For psychological slavery to occur, research studies have found four typical situations:
◦ Perception of threat, physical or psychological, and the conviction that misfortune will really            and does occur;
◦ Appreciation of small acts of kindness by the abusive adoptive parent towards the abused            adopted child victim;
◦ Abused adopted children are commonly Isolated from other adoptive family members, friends       and outsiders;
◦ The conviction that the abused adopted child is unable to escape the situation as being an             abused adopted child is their plight in life, that they are socially expected to be grateful for. 
Just as in the case of the bank hostages in Sweden, interpersonal relationships where there is an abuse of power, child adoption establish a similar pattern which is impossible to escape, resulting in psychological slavery, servitude and the reality for adopted children is being owned.
Threats may be direct or indirect. The threat may even be directed toward other adoptive family members. When the abused adopted child feels threatened, the reaction is to find hope in anything that will strengthen the will to survive. When the adoptive parent abuser or controller offers small acts of kindness such as a glass of water, the adopted child victim may think that behind the maliciousness, the perpetrator has positive feelings and good intentions. As a consequence, a "psychological connection" of gratitude for still being alive is established.
The adopted child victim may rationalize and justify the cruel and unjust adoptive parent's behavior. Moreover, they may genuinely try to help the adoptive parent perpetrator emotionally, feeling the pain of the adoptive parent instead of their own pain and suffering.
When an adopted child lives in a world of abuse and control, that person quickly learns to be careful of what to say or do, for fear of provoking the adoptive parent's unrest that might result in violence. As a result, the adopted child victim tries to please the adoptive parent abuser or controller by worrying about everything that could disturb them and by trying to satisfy the wants and needs of the adoptive parent abuser or controller to keep the peace at any cost. Unfortunately, this attitude helps perpetuate the abuse. The adoptive parent abuser learns to demand more to practice control and power. In turn, the adopted child victim must remain isolated so that the adoptive parent abuser can continue manipulating the adopted child victim with criticism and accusations. The adopted child victim agrees to be isolated to avoid conflict and embarrassment, humiliation and detaches from friends and adoptive family members. Overwhelmed by abuse and already depressed, the adopted child victim comes to accept the situation and considers it part of their adopted plight in life.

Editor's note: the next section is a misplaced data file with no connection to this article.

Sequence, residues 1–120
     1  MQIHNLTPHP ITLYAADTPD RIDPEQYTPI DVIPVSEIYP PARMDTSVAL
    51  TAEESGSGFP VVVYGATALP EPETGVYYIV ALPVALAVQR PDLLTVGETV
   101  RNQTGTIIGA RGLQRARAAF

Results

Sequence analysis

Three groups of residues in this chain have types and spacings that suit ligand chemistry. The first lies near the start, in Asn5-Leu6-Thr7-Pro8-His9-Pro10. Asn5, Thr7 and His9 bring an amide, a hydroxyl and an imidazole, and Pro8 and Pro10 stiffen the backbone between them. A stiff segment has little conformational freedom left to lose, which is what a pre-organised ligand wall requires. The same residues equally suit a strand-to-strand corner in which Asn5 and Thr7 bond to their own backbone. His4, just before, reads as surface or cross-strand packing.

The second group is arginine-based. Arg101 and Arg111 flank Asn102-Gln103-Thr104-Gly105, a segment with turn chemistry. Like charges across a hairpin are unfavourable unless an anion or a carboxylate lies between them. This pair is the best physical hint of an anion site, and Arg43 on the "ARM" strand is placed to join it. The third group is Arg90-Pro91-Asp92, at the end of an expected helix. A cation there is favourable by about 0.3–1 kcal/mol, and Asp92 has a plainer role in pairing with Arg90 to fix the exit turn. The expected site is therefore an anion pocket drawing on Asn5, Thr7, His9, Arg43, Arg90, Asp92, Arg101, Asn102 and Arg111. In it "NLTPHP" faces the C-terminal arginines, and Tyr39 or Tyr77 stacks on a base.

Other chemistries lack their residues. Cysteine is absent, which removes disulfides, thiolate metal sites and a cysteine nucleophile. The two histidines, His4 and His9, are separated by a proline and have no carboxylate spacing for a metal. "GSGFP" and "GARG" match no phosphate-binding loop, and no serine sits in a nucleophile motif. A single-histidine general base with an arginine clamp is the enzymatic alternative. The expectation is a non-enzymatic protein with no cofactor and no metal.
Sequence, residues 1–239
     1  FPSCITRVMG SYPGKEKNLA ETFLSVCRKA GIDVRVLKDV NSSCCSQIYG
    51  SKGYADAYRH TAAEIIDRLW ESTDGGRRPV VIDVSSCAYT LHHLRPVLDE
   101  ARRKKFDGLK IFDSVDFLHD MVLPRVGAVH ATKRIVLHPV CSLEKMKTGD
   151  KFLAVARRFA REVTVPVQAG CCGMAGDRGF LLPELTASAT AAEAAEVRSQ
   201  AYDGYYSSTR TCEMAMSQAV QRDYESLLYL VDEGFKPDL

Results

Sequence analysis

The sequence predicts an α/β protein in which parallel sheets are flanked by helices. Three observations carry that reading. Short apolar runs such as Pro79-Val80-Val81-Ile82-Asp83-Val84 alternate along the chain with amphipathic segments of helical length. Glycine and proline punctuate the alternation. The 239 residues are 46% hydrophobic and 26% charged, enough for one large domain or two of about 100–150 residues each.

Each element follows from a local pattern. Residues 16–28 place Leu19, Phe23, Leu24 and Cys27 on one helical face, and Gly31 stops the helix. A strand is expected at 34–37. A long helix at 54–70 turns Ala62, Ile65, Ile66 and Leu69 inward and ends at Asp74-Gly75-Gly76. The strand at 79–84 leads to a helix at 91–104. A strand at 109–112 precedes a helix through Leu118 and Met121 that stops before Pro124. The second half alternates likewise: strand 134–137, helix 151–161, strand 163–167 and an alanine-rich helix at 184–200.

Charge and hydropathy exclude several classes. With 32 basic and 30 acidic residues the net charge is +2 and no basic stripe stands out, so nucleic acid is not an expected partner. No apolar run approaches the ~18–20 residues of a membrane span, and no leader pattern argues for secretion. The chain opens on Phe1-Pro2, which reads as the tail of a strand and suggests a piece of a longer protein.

Freeing oneself from this kind of relationship can be very difficult, even impossible. The adopted child victims often feel bound not only emotionally, but also because of financial obligations, legal issues, the
children´s future, emotional blackmail, gas-lighting and/or the adoptive parent's constant threats of death or suicide to keep the adopted child submissive and available. 
Understanding the complexity of psychological slavery in abused adopted children preserves the possibility of helping psychologically abused and manipulated adopted children, keeping a connection, contributing to their self-esteem, and opening the door when the time comes to escape the mental chains of forced child adoption.